Joseph Loconte is a professor at King’s College in Manhattan, an island of Christian thought in a sea of secular orthodoxy. At ground zero of the culture, he and his academic brothers and sisters share their glimmers of light in a dark world. Professor Loconte has done so with “A Hobbit/A Wardrobe/and a Great War.” From this excellent work, we know this (and much more) about Lewis’ spiritual journey. The beauty of Lewis’ and Tolkien’s work can be said to have arisen from the ashes of that great conflict.
Lewis was an ardent atheist during the time he served in the hell-on-earth of trench warfare. For many years afterward, he joined with other intellectuals in disdain for church platitudes, as over against the horrors of inhumanity we create for ourselves. Still, the trauma of the war did not overwhelm him completely. While recuperating from war injuries, Loconte reports, Lewis wrote from a hospital bed about his train travel to that location:
Can you imagine how I enjoyed my journey to London? First of all the sight and smell of the sea, that I have missed for so many long and weary months, and then the beautiful green country seen from the train. . . . I think I never enjoyed anything so much as that scenery – all the white in the hedges and the fields so full of buttercups that in the distance they seemed to be of solid gold.
Loconte, A Hobbit . . . (ch. 4).
Lewis was seeing beauty, despite the grim backdrop for it. Perhaps because of that backdrop. He wrote, around the same time, that “the conviction is gaining ground on me that after all Spirit does exist.” Although he had not at that time embraced a Christian point of view, he had made the first, essential, movement away from the materialism prevalent among his peers. We should pause and take note, that this occurred because of what transcendental value? Truth? Honesty? Integrity? Bravery? No to all. Beauty compelled him.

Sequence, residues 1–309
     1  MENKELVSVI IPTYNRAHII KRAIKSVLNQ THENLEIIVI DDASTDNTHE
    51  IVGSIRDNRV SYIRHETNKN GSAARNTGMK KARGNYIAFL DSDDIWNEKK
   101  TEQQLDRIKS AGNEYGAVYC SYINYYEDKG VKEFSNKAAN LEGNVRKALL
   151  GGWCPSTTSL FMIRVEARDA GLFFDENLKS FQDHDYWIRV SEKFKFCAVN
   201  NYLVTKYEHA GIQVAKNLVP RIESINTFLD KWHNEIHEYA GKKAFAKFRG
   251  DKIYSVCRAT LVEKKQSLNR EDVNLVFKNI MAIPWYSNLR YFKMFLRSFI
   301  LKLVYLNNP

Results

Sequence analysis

By 1925, as Loconte reports, Lewis’ commitment to materialism had waned, but it was still some years before the light broke through. That happy event was in September, 1931, and occurred as a result of the influence of such luminaries as J.R.R. Tolkien. Both he and Lewis were enthralled with the idea of epic myth. Tolkien believed that myth was of God, not in place of Him. Further, that the story of Jesus the Christ was a kind of myth. Unlike the pagan myths, however, this Dying God myth was also real. God entered history in the person of Jesus, lived a real life, and died a real death. Lewis began to understand, Loconte tells us, when he asked of Tolkien “Do you mean that the story of Christ is simply a true myth, a myth that works on us in the same way as the others, but a myth that has really happened?”
If you’re familiar with The Lord of The Rings, or of the Chronicles of Narnia, or Mere Christianity, or The Hobbit, or the Silmarillion, you see the beauty. Recall henceforth the ashes whence they arose.